Now from a more optimistic point of view, one of the things you could say is that if these hybrids became a dominant form of economic unit, they would cease to be hybrids of the gift economy and capitalism. Their market aspects would fall by the wayside. Let's look at the example I gave of the Mondragon collectives. Let us assume that they decided that they were going to continue to market some of their produce to rich people at higher than standard prices. Other parts of their produce would be donated free of charge to African villages. Clearly a financially disastrous decision. But let us add another assumption. While their work force was being funded in part by their wages, they were also receiving multiple useful gifts from other generous ethical cooperative firms. These would be based on agreements to provide the Mondragon workers with all the thing that they might need, such as trips to take holidays on a sailing ship around the Mediterranean, buses and bikes for their transport needs, free steel for their production. Clearly what such a situation would mean is that the market, monetary aspects of their cooperative would have less and less relevance to how they operated in practice. They could afford generous donations to an African village. 

In other words, an avalanche of hybrids could bring about the gift economy. All hybrids reduce the power of the market to determine production and distribution outcomes. If you have a huge wave of hybrids that start to take over the economy, the power of the market would rapidly fade to nothing. Clearly this is carrying things to extremes. A thought experiment. The more likely scenario is that such hybrids start to take up more and more economic space and lead people to question the market economy. A prefiguring leading on to a revolutionary installation of the gift economy.

I want to conclude this chapter by saying what I think are the practical perils of seeing hybrids as ‘alternative market’ forms — that will come to dominate and eventually achieve a market-based post capitalism. This analysis is not just social theory. For example, in the permaculture movement many people will say, ‘markets are not the problem’, ‘societies always have markets’, what we need is a cultural shift in which ordinary people come to see the error of capitalist assumptions, find ‘right livelihoods’ and use their power over money ethically. There are practical problems associated with this viewpoint. The market and its assumptions act as a social force to sanction conduct that goes against market principles. If you believe that there is no problem with the market it is easy to think that an ‘ethical business’ is no more difficult to set up and maintain than any other stock standard business. This can lead to terrible burnout and depression when the reality of market sanctions starts to bite. When it is actually very difficult to live a reasonable life (however spartan) and access the money you need. To avoid this, it is better to begin by realizing that what you are doing goes against the grain of market practice and will accordingly be difficult. That is not a reason to abandon the attempt to set up an ethical business, but it can help to engender a more realistic and pragmatic approach to the difficulties you will face. 

This optimistic ‘alternative market’ theory of hybrids can also lead to an implicit judgementalism where most people’s choices are concerned. If this is so easy, why are only a few die-hard permaculture people doing it? Answer. Most people have not seen the light and are seduced by capitalist culture. They are taking the easy way out — not realizing the desperate plight we are all in. The necessity to behave ethically where money is concerned.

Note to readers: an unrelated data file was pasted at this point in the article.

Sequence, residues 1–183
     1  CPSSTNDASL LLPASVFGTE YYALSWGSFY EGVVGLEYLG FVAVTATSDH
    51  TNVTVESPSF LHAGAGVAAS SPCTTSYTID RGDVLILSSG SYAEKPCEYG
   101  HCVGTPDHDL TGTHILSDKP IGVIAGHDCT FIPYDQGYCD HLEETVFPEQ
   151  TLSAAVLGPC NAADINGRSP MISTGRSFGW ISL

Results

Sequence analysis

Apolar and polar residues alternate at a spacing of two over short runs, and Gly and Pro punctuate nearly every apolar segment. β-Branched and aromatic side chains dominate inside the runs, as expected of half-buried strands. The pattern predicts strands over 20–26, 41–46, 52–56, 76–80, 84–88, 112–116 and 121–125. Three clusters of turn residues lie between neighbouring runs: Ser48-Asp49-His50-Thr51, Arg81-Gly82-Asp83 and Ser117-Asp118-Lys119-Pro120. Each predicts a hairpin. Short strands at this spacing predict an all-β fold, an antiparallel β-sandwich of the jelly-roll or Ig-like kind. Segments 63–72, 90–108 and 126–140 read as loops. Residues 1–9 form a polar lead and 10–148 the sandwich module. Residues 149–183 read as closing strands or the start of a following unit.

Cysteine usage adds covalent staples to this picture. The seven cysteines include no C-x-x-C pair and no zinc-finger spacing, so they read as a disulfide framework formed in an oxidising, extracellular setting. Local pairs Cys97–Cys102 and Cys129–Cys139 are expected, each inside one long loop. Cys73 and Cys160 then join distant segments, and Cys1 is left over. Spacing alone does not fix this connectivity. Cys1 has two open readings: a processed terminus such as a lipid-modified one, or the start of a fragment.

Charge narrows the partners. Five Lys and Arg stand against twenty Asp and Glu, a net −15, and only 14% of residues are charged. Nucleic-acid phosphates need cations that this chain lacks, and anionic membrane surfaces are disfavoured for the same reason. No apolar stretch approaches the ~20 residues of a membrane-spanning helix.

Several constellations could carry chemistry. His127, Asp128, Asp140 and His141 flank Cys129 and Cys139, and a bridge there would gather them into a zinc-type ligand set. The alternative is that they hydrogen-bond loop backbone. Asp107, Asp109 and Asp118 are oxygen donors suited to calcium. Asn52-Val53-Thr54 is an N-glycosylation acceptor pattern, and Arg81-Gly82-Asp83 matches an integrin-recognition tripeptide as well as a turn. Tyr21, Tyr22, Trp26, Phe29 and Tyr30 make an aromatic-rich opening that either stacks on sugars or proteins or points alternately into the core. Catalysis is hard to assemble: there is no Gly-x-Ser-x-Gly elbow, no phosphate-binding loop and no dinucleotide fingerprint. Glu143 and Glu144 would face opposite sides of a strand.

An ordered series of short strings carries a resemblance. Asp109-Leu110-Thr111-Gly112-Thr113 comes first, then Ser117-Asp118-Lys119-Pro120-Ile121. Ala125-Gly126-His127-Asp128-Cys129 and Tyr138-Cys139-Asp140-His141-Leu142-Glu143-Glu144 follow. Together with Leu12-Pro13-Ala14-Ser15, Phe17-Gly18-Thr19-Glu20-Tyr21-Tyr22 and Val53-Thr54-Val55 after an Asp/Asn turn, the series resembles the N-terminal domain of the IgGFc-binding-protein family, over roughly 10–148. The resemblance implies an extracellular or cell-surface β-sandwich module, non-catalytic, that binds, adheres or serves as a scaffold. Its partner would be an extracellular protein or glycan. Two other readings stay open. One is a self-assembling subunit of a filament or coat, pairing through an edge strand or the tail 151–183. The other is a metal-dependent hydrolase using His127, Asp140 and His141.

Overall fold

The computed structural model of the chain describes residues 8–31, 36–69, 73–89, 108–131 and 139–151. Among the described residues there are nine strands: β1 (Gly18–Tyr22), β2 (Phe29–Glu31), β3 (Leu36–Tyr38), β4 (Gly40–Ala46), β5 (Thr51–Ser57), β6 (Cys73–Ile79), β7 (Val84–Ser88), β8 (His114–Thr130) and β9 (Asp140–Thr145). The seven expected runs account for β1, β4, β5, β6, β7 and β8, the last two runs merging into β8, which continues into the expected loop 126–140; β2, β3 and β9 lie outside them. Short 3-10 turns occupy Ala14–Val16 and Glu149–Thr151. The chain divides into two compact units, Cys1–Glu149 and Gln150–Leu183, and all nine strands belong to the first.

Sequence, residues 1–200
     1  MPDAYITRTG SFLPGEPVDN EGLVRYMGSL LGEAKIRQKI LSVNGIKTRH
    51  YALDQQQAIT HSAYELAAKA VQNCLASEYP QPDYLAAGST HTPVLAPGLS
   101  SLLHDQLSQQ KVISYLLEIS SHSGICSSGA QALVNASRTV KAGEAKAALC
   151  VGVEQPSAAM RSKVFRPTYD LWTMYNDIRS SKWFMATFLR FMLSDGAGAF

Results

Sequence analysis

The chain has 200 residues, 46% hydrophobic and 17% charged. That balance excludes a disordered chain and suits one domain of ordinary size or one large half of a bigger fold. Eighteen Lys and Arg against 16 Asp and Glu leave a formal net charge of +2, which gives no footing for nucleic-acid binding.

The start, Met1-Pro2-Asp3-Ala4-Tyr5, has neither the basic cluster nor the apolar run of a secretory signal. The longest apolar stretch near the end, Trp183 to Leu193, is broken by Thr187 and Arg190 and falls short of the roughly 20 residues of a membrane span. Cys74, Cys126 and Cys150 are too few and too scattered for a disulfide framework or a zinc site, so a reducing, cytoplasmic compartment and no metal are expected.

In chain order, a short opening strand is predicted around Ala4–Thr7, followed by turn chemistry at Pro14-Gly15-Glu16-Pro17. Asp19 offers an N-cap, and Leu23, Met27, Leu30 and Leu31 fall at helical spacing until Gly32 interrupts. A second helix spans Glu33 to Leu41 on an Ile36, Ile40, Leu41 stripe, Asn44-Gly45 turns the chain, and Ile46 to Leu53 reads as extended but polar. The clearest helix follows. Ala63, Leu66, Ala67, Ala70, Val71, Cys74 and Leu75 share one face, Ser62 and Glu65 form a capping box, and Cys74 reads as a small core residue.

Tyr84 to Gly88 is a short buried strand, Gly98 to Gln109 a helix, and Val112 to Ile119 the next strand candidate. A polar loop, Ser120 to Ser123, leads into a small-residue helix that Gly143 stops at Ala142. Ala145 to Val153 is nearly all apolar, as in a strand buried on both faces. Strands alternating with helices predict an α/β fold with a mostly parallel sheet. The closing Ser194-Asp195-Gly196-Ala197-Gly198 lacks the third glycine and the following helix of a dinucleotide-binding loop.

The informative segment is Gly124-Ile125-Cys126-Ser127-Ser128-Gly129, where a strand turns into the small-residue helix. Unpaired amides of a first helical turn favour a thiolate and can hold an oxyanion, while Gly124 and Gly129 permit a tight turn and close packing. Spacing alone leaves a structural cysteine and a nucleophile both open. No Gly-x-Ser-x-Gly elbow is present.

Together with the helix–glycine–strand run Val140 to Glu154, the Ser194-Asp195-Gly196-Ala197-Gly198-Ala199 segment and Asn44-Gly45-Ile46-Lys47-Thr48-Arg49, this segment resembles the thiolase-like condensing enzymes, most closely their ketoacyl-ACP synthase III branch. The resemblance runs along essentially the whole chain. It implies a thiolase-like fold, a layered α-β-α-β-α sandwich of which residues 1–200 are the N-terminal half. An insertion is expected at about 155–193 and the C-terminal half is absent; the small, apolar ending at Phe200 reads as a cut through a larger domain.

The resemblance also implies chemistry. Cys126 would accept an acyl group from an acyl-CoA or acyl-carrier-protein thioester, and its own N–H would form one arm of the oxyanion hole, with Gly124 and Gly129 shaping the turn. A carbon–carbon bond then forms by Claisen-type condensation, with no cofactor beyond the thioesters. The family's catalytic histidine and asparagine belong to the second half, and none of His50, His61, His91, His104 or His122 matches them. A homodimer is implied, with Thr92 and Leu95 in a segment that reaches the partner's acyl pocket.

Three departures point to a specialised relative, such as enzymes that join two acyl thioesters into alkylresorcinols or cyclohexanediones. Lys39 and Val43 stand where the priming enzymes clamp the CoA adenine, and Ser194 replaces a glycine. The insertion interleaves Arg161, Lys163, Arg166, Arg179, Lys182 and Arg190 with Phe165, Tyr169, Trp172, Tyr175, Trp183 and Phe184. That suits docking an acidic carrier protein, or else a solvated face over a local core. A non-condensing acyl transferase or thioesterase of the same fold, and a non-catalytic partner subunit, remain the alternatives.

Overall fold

Of course, this moral and judgemental account of things is not entirely wrong in some cases. On the other hand, what it tends to forget is the class distribution of economic opportunities and cultural backgrounds. I am reminded of the ‘Global Gardener’ video in which Bill Mollison, one of the founders of permaculture stands on his verandah, looking over his lush food forest and intones. ‘If people only realized that everything they needed is right outside their door. All you really need is sun, plants, and keep your eye on the soil’. The ‘we’ of this proclamation are members of the Australian middle class — backed up by the wealth of their parents, heirs to the cultural capital implied in property ownership and permaculture farming, taking advantage of cheap land that can be accessed in remoter parts of rural Australia. What we need to always remember is that the existing capitalist marketplace provides the economic context for hybrids of capitalism and the gift economy. Ethics cannot make this context go away.

References

Errasti, Anjel Mari; Heras, Inaki; Bakaikoa, Baleren; Elgoibar, Pilar 2003, “The Internationalisation of Cooperatives: The case of the Mondragon Cooperative Corporation”, Annals of Public and Cooperative Economics, 74:4, pp. 553-684.

 

Gibson-Graham, J.K. 2006a, The end of capitalism (as we knew it). Minneapolis: University of Minnesota Press.

 

Gibson-Graham, J.K. 2006b. Post-capitalist politics, Minnesota: University of Minneapolis Press.

 

Leahy, Terry 2022, The Politics of Permaculture, Pluto, London.

 

Mollison, Bill 1988, Permaculture: A Designers’ Manual. Tyalgum, Australia: Tagari Publications,

 

Olin Wright 2010, Envisioning Real Utopias, Verso, London.

 

Romeo, Nick 2022, “How Mondragon Became the World’s Largest Co-op”, New Yorker, August 27, 2022.

 

Russell, Julian and Tony Galley 1991, Global Gardener: Permaculture with Bill Mollison, Oley, Philadelphia: Bullfrog Films.

 

Weiss, Lynne 2022, “The Mondragon Cooperatives”, https://lynneweisswriter.com, accessed July 6th 2023.

 

 


[1] Errasti, Anjel Mari; Heras, Inaki; Bakaikoa, Baleren; Elgoibar, Pilar 2003, “The Internationalisation of Cooperatives: The case of the Mondragon Cooperative Corporation”, Annals of Public and Cooperative Economics, 74:4, pp. 553-684.